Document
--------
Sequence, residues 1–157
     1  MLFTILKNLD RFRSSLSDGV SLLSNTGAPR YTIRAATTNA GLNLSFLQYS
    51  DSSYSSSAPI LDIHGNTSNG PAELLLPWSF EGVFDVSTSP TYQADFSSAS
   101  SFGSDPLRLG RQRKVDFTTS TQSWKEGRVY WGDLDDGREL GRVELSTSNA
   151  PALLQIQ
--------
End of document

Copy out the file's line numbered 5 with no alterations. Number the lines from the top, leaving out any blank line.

   151  PALLQIQ